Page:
“There is … a time to be born and a time to die,
a time to plant and a time to uproot,
a time to kill and a time to heal,
a time to tear down and a time to build …”
So begins the well-known poem of ‘The Teacher’ in the Bible book of Ecclesiastes. His words echo our experience of life – it’s certainly not all good but it’s not all bad either and if there were good times in the past then maybe there will be good times again in the future. It’s all part of the rhythm of life and that’s OK.
But when you read the rest of his book you realise that that cannot be what 'The Teacher' meant. He was deeply puzzled by the apparent pointlessness of life – it’s all a vapour, a fleeting mist, an enigma. The ‘rhythm of life’ is not a comfort but something disturbing. For each good thing that is done there is also an undoing, peace is replaced by war, beautiful buildings are torn down, strong relationships fall apart and life is overtaken by death. ‘The Teacher’ longed for a better world where good things don’t come to an end.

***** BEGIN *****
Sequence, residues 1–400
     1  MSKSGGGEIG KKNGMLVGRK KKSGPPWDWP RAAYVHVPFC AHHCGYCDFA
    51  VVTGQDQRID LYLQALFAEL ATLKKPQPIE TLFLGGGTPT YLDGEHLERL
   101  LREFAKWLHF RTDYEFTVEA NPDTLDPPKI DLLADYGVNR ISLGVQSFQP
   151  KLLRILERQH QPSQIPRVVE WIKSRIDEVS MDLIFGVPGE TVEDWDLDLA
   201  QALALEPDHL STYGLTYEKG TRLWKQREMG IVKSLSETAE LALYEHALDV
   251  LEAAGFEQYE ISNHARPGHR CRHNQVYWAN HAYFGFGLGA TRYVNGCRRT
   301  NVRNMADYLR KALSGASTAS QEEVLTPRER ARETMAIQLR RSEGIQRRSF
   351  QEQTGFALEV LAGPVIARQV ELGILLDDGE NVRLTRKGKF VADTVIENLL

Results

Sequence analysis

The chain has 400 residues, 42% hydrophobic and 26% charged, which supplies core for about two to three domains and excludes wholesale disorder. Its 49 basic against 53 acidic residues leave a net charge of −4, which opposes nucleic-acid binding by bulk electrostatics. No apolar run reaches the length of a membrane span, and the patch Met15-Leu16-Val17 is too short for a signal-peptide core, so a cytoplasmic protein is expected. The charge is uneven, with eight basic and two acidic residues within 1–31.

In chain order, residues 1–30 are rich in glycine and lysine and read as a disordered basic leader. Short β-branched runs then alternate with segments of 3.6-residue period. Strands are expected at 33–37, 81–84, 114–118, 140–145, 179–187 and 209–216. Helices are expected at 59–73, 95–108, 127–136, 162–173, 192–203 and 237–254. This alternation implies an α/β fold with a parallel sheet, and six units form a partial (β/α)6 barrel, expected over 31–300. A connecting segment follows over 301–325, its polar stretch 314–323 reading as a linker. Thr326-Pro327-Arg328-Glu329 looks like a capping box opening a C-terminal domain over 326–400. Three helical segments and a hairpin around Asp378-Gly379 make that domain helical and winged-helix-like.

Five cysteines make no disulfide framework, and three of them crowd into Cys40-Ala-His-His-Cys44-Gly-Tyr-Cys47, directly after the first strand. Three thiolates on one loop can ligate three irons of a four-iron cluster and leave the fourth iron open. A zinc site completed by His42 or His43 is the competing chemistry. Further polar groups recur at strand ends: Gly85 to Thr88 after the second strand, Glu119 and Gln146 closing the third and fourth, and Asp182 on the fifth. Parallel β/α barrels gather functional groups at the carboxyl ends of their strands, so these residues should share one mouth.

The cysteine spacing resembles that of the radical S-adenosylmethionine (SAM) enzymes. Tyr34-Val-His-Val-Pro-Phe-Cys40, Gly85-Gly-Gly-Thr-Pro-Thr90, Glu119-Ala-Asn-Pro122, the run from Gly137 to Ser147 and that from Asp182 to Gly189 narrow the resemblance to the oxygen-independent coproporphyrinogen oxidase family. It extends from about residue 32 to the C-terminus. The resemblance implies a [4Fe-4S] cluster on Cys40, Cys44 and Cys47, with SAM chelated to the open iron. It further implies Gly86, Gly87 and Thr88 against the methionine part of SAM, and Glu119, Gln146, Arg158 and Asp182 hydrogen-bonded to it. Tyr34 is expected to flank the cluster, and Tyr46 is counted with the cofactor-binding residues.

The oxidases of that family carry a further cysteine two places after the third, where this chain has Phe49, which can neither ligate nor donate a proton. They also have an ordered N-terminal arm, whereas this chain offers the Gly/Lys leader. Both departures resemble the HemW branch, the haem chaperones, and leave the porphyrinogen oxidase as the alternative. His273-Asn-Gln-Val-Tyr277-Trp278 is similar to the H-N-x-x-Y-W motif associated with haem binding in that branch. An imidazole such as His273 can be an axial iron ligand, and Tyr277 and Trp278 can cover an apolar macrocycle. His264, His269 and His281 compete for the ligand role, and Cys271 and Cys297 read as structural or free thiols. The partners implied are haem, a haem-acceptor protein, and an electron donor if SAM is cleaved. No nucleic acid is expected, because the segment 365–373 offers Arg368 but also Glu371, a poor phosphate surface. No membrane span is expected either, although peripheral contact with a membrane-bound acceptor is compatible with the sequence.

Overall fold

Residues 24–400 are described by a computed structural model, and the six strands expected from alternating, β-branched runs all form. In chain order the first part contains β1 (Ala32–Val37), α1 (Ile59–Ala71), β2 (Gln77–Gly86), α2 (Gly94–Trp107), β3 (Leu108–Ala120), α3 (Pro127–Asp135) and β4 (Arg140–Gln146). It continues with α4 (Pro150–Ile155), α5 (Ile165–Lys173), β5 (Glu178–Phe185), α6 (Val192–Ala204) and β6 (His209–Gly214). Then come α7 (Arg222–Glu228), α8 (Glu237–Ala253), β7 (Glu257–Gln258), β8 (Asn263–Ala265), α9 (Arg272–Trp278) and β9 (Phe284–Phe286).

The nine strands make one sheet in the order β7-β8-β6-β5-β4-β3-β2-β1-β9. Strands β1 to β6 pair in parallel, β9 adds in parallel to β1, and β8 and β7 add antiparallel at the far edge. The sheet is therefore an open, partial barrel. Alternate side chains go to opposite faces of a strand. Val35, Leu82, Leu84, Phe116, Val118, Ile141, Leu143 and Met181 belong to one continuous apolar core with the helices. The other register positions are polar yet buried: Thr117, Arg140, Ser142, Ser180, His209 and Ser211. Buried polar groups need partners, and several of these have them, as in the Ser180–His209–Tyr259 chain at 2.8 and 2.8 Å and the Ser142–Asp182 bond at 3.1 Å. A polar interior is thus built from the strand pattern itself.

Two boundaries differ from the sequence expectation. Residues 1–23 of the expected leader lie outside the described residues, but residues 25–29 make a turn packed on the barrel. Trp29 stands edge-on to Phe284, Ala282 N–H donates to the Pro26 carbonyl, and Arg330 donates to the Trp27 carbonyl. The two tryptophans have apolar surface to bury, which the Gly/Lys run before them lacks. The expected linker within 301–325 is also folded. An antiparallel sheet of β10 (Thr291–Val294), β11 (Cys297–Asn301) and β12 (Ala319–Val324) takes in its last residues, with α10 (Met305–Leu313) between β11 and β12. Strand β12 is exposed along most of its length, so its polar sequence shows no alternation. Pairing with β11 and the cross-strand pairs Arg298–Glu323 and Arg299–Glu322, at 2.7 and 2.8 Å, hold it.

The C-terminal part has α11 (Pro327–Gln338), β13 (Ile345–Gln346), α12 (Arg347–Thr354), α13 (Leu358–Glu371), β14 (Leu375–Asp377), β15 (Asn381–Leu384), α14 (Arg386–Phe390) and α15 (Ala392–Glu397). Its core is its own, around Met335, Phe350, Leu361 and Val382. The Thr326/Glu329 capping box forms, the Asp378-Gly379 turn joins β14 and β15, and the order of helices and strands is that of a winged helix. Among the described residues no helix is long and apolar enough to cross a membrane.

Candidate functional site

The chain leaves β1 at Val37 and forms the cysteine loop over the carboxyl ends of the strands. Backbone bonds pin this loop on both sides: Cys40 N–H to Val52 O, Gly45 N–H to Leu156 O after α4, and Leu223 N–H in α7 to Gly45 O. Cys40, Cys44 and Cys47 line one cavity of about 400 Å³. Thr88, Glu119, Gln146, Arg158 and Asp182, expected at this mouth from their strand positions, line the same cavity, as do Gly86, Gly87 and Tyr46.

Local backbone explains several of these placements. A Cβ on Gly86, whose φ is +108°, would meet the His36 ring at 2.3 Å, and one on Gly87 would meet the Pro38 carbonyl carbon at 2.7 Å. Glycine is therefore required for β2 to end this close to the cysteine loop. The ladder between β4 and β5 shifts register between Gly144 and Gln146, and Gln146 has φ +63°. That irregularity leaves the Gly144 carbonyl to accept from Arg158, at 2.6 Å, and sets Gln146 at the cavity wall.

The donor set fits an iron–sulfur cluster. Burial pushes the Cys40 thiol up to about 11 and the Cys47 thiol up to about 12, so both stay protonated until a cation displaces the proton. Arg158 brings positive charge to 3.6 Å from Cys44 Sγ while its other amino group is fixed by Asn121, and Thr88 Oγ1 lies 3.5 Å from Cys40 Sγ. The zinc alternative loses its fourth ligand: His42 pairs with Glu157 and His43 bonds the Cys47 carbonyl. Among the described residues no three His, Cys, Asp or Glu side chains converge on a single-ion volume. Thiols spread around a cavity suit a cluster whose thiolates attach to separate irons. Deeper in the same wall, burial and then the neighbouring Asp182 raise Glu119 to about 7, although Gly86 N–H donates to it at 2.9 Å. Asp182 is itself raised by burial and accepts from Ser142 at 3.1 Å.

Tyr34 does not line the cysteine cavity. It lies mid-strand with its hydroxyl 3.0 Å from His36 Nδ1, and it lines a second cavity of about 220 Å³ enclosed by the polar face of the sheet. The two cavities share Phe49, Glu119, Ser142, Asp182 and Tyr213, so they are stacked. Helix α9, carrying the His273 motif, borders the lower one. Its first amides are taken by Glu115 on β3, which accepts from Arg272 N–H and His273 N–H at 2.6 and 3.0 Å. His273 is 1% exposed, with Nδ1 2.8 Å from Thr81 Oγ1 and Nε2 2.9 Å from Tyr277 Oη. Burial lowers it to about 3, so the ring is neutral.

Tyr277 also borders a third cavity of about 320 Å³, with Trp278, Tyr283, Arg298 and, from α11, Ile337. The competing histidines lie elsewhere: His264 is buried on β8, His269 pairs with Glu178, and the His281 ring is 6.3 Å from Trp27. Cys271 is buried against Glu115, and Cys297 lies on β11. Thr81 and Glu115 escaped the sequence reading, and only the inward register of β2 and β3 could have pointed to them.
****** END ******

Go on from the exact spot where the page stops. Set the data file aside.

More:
And so he taught his hearers to hope for a day when the world would be different. He prepared them to hear about a man whose life was not a fleeting mist because death would be unable to crush him; a man whose words would never be forgotten, whose accomplishments would never dim, whose just and righteous government cannot fail.
Ecclesiastes is a book for our day. We hope that all our busyness and fretting is accomplishing something important and yet we are troubled by reality. What is the point of spending your life working hard if everything you achieve is temporary? Exactly, says Jesus, “Whoever wants to save his life will lose it, but whoever loses his life for me will save it. What good is it for a man to gain the whole world, and yet lose or forfeit his very self?” (Luke 9:24-25)